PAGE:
“With the ability to influence behavior, social skills, sensitivity and general achievement, music can have positive effects on many aspects of life.” By using both sides of the brain, music is proven to increase listening skills and concentration. Learning an instrument increases a child’s hand-eye coordination (“Music’s Importance is Underrated”). Learning an instrument requires coordination and comprehension and practicing an instrument can help fine tune these skills. Learning to read music is like learning a different language. The symbols, note values and the variety of arrangements are like letters, numbers and words (Galindo). Children who have received music education develop a greater spatial intelligence. With this intelligence a child learns how to think creatively and solve problems (Twelve Benefits of Music Education”). There has been a known connection between music education and mathematics. The principals of music such as note reading, eighth, quarter, half and whole notes are equivalent to mathematical fractions. (Levy). Numbers and symbols in music are the same as decoding numbers and symbols in a math or science class (“Music”). The many layers of music are what make it interesting. There are melodies, harmonies, a fast or slow tempo and all of the rhythms to play or sing never mind the words and story behind the music or the endless amounts of instruments to play the music with (Galindo). Words for a musical piece in a foreign language give students a glimpse into a different culture. Many musicians wonder why students must be taught Shakespeare but not Bach or Mozart (Levy). This is because of the lack of music education in schools and the misunderstanding of how much music actually does for a student.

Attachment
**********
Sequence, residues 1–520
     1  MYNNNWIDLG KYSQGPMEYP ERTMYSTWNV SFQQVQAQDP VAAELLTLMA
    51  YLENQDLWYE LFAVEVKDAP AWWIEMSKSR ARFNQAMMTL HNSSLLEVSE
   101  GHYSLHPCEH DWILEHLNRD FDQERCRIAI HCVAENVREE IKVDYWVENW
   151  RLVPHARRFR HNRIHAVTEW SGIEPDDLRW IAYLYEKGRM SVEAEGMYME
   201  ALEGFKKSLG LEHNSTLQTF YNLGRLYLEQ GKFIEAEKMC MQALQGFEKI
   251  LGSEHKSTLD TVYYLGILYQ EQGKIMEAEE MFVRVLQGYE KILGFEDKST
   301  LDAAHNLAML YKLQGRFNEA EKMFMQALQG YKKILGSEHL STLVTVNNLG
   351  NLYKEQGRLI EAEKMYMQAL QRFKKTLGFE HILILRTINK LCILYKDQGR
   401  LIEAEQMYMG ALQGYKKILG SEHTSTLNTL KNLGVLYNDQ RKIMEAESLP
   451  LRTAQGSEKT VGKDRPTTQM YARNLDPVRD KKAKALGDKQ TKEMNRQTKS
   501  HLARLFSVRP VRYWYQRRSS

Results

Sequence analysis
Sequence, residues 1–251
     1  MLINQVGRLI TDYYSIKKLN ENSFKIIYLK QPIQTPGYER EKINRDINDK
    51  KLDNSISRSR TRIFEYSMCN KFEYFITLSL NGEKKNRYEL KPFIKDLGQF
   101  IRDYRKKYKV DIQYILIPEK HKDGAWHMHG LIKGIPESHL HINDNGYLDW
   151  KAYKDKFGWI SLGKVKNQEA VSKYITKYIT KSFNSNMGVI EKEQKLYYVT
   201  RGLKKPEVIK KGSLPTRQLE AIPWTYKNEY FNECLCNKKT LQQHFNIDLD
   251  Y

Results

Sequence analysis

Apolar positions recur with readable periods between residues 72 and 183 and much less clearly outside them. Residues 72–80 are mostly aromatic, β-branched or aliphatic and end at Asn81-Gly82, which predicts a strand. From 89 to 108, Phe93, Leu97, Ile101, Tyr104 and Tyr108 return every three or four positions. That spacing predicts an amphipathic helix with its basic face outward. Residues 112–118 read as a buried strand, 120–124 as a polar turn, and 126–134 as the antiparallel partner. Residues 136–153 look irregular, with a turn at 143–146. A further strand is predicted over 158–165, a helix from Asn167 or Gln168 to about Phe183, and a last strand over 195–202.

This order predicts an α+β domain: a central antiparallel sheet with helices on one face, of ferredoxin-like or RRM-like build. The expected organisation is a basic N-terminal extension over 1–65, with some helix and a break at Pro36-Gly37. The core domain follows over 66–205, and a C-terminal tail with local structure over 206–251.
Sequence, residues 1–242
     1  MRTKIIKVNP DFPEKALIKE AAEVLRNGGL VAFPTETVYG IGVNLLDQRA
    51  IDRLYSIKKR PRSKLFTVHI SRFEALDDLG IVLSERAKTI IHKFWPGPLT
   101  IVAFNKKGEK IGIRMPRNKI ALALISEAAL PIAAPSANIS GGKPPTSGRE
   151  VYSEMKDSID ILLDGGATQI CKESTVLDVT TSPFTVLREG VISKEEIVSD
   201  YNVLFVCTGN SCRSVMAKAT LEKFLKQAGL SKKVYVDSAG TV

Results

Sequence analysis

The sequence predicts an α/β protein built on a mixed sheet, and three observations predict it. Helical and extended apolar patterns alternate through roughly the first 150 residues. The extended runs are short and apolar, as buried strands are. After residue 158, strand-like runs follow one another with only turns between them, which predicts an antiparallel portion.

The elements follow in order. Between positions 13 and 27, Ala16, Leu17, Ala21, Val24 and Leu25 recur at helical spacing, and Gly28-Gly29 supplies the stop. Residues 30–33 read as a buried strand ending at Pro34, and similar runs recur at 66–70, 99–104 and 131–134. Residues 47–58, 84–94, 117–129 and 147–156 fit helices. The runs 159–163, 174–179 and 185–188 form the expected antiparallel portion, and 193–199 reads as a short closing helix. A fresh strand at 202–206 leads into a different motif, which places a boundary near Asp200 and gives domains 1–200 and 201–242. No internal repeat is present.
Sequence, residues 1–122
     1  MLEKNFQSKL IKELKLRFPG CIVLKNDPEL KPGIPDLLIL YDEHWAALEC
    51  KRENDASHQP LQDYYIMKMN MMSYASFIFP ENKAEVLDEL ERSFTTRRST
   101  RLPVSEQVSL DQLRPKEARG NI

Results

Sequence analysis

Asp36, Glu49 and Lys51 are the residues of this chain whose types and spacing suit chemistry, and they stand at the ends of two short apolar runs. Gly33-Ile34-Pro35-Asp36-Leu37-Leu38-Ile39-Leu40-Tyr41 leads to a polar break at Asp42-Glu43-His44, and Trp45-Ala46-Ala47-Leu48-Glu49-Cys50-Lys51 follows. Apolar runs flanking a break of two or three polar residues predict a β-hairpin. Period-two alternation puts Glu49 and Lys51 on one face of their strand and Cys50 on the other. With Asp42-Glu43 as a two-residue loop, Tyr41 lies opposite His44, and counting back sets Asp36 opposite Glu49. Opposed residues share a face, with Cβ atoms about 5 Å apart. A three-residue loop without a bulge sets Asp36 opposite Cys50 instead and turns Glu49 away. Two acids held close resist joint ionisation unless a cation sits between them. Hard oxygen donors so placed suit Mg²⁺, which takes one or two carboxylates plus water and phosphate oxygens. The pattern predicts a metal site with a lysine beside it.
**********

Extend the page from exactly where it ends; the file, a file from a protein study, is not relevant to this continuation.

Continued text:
A child’s brain develops for many years after birth. Music education helps develop the areas of the brain associated with reasoning and language. This is why it is easier to remember information when it is put to a familiar tune. Music education helps develop a variety of skills. By participating in a music class a student learns craftsmanship, or what it takes to arrange a musical piece. There are several components to putting together a piece of music. All of the notes, rhythms and time signatures leave a variety of arrangements to create a piece like no other. Another key ingredient to a successful student is hard work. There are many things to a successful performance; the correct notes, a tuned instrument, coming in for the correct entrances, the rests and also obeying the correct rhythms. “Through music study, students learn the value of sustained effort to achieve excellence and the concrete rewards of hard work.” (“Twelve Benefits of Music Education”). A student in choir or band learns time management, taking turns and being reliable. A band or choir teaches students how to not only work together but to work on their own. Showing up for rehearsals on time and being prepared for those rehearsals by practicing at home shows how a student would become reliable and would learn how to become prepared (“Music’s Importance is Underrated”). In order to sound good students have to learn their own part and be able to put it together with other students. In order to accomplish this, students must practice, attend rehearsal and work together (“Twelve Benefits of Music Education”). Once a child realizes that they can perform with other students their self-image becomes better and their self-esteem increases. Interacting within a group increases the child’s social skills (“Music”). This social interaction increases valuable skills such as taking turns, listening and respect for others. Music education has a positive physical impact on a student as well as social and emotional effects. Learning an instrument increases a child’s hand eye coordination as well as their motor skills (Levy). A child learns to cooperate and create with others while under the influence of music education (Galindo). Through music education and learning an instrument students actually learn valuable skills for the workplace. Students learn how to take action instead of just observing others take action. Opposed to letting others do all of the work, leading as part of a vocal or instrumental group shows how a student would take action to learn their part. According to “Twelve Benefits of Music Education”, risk taking is a very important part of growing up. As a musical performance is very nerve racking, completing a performance successfully helps children positively face their fears and also deal with stress and anxiety. Keeping children involved with music in school is proven to keep children from making bad decisions like drug and alcohol use (“Twelve Effects of Music Education”). The tremendous physical, social and emotional effects of music on students continuously questions why music is often seen as an extracurricular in schools today.